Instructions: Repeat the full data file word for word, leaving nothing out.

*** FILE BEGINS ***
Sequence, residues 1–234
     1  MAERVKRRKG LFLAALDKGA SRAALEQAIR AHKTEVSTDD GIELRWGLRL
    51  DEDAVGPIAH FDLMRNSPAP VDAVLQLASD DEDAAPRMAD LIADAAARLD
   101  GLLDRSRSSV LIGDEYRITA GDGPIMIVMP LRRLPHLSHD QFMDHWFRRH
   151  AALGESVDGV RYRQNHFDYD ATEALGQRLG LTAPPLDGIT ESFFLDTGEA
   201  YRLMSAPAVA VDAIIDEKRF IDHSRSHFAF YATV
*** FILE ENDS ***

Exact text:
Sequence, residues 1–234
     1  MAERVKRRKG LFLAALDKGA SRAALEQAIR AHKTEVSTDD GIELRWGLRL
    51  DEDAVGPIAH FDLMRNSPAP VDAVLQLASD DEDAAPRMAD LIADAAARLD
   101  GLLDRSRSSV LIGDEYRITA GDGPIMIVMP LRRLPHLSHD QFMDHWFRRH
   151  AALGESVDGV RYRQNHFDYD ATEALGQRLG LTAPPLDGIT ESFFLDTGEA
   201  YRLMSAPAVA VDAIIDEKRF IDHSRSHFAF YATV